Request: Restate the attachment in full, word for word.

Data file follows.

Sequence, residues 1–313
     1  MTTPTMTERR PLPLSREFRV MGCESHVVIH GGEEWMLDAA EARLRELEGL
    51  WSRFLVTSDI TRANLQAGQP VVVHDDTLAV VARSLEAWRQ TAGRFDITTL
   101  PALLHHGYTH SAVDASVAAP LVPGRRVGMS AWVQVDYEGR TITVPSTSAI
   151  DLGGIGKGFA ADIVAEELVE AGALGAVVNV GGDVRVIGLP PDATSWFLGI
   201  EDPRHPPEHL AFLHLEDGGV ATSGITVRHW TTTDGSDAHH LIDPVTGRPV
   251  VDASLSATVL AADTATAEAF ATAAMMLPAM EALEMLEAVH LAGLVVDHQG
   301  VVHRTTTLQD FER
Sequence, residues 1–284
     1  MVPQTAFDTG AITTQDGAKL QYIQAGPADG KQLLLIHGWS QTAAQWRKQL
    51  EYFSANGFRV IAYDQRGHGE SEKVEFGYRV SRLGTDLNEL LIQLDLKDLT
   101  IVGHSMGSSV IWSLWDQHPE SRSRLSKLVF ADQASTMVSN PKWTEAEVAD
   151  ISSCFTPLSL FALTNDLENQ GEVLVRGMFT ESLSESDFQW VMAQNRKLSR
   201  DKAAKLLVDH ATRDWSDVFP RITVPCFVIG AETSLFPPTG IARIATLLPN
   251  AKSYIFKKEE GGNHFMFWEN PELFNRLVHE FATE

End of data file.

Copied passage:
Sequence, residues 1–313
     1  MTTPTMTERR PLPLSREFRV MGCESHVVIH GGEEWMLDAA EARLRELEGL
    51  WSRFLVTSDI TRANLQAGQP VVVHDDTLAV VARSLEAWRQ TAGRFDITTL
   101  PALLHHGYTH SAVDASVAAP LVPGRRVGMS AWVQVDYEGR TITVPSTSAI
   151  DLGGIGKGFA ADIVAEELVE AGALGAVVNV GGDVRVIGLP PDATSWFLGI
   201  EDPRHPPEHL AFLHLEDGGV ATSGITVRHW TTTDGSDAHH LIDPVTGRPV
   251  VDASLSATVL AADTATAEAF ATAAMMLPAM EALEMLEAVH LAGLVVDHQG
   301  VVHRTTTLQD FER
Sequence, residues 1–284
     1  MVPQTAFDTG AITTQDGAKL QYIQAGPADG KQLLLIHGWS QTAAQWRKQL
    51  EYFSANGFRV IAYDQRGHGE SEKVEFGYRV SRLGTDLNEL LIQLDLKDLT
   101  IVGHSMGSSV IWSLWDQHPE SRSRLSKLVF ADQASTMVSN PKWTEAEVAD
   151  ISSCFTPLSL FALTNDLENQ GEVLVRGMFT ESLSESDFQW VMAQNRKLSR
   201  DKAAKLLVDH ATRDWSDVFP RITVPCFVIG AETSLFPPTG IARIATLLPN
   251  AKSYIFKKEE GGNHFMFWEN PELFNRLVHE FATE